Maurice Di Nicuolo, who has been an acting detective, was transferred to the First Police District, with former Acting Detective Clifford Del Rossi returning to his old post in the detective bureau. 

In the only other transfer announced, Sergeant Harry Newton was switched from the First Police District to the Third, with Sergeant Edward Carroll going from the Third to the First. 

Although no other changes were made public, it is believed yesterday’s are a forerunner of numerous shifts to be made today or early next week.’ 

“These changes are being made for the good of the service,” Commissioner Kobus declared. “There will be other transfers of officers and men so that all the police may familiarize themselves with all the branches of the department.”

 Lieutenant Johnson was a appointed a policeman on January 1, 1910. After 10 years as a patrolman, he was promoted to a detective, where he made a splendid record. On November 28, 1928 he was made a sergeant, and again promoted on April 8, 1930, when he became a lieutenant.

 Ward was appointed a policeman on August 2, 1917, promoted to detective January 1, 1927, sergeant November 14, 1928 and lieutenant on January 24, 1930.

  Johnson was a detective sergeant when former Police Chief John W. Golden was head of that bureau, but later was transferred to police headquarters.

Ward has been in and out of the detective bureau several times. He served for a time as the commander of the First District and later was ion charge of the police headquarters on the 12:00 midnight to 8:00 AM shift. He was a political lieutenant of former Public Safety Director David S. Rhone.

Camden Courier-Post * October 29, 1935

Rosedale Residents Object to Permit; Excise Board Ponders Action

The newly created city excise commission last night called a third public hearing on the application of Frank Caromano for a saloon license at Thirty-sixth street and Westfield avenue

The hearing was set for 10 a. m., Saturday.

The city commission held one formal hearing and one informal hearing on the application, protested  by 881 citizens of the Rosedale section of the Eleventh ward, led by Rev. W. Douglas Roe, pastor of the Rosedale Baptist Church.

Granting the application, Roe and others have contended, will open the Rosedale section, now without saloons, to other applications.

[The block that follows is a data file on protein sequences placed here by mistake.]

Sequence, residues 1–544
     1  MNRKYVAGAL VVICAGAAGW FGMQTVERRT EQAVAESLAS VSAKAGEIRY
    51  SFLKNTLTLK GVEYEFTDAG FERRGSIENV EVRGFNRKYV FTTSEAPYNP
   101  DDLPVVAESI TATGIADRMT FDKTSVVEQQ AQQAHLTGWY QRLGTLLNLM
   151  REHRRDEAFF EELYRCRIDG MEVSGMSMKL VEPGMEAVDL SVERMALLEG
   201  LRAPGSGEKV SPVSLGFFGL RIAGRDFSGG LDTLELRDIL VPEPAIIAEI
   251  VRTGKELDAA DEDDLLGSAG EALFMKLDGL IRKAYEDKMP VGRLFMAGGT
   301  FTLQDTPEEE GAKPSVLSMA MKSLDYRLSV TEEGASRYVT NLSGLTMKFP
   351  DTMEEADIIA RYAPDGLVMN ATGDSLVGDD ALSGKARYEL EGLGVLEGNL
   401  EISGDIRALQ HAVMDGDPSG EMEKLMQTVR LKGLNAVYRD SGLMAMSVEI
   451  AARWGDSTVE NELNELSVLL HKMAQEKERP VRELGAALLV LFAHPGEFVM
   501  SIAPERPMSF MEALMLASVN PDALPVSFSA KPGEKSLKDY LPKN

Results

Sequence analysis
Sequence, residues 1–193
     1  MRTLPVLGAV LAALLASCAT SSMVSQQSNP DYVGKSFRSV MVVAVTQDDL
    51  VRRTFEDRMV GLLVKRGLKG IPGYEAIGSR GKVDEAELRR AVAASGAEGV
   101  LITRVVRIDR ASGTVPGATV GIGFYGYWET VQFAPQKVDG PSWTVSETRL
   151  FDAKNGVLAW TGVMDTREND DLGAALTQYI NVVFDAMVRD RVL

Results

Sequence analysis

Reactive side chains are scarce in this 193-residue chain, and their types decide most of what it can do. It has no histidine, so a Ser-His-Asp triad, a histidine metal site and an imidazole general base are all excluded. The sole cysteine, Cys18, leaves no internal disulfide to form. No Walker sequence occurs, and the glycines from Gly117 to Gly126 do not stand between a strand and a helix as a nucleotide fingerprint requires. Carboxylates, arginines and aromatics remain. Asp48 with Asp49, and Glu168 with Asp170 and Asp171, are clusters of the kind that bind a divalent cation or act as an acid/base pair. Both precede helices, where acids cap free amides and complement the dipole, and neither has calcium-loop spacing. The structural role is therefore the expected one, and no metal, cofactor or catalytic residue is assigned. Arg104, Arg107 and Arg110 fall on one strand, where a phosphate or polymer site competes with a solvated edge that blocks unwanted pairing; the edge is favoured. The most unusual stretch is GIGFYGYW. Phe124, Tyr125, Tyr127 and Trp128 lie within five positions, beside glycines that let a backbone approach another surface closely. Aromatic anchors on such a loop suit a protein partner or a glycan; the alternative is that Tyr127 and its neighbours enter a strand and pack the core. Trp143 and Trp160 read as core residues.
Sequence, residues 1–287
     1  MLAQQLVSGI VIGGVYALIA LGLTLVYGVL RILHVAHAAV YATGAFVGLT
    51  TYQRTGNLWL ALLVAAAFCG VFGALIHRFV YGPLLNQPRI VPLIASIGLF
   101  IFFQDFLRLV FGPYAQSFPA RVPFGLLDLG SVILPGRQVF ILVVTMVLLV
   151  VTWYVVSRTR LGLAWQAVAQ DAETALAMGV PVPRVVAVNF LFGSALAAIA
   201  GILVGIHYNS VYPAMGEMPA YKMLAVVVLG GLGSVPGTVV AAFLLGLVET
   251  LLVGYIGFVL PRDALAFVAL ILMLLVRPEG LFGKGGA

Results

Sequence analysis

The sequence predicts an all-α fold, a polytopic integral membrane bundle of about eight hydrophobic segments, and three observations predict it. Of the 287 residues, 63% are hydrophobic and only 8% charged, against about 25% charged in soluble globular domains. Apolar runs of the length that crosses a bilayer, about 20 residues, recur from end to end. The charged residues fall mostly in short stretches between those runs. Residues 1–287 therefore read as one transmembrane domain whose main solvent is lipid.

The excise commission—formally the Municipal Board of Alcoholic Beverage Control—in practice adopted a policy of "go slow." It was the first business meeting of the board, composed of John L. Morrissey, chairman; Mrs. Ann Baumgartner, secretary, and Curtis O. Sangtinette.

Takes Notes of Meeting

Mrs. Pauline F. Caperoon, secretary to City Commissioner Mary W. Kobus, director of public safety, took stenographic notes of the meeting. She explained this was merely to keep the board straight until the new board becomes more familiar with procedure.

City Clerk Otto E. Braun also recorded the minutes and said he will continue to do so in 
collaboration with Mrs. Baumgartner.

The meeting was held in Braun's private office. Only the members of the board, Mrs. Caperoon, Braun and newspaper reporters attended.

A license was granted to the Eleventh Ward Democratic Club, 1014 North Twenty-seventh street. A transfer of the license of Charles T. Bateman from 600 Mt. Vernon street to 1900 South Sixth street was approved.

Police Probe Asked

Police investigation was requested by the board on the applications of Peter Bradsky for 801 Chestnut street and Frank D'Alesandro, 523 South Third street.

The police department will do the bulk of the investigating for the new board, Mrs. Kobus, has announced.

A personal investigation by members of the board was decided upon in the application of Dominic Guglielmo for a transfer from 245 Chestnut street to 2222 Federal street

Action was deferred on the application of a transfer of the license of Mary Hinkson to Edgar H. Beattie at 949 North Twenty-fifth street.

Camden Courier-Post * October 29, 1935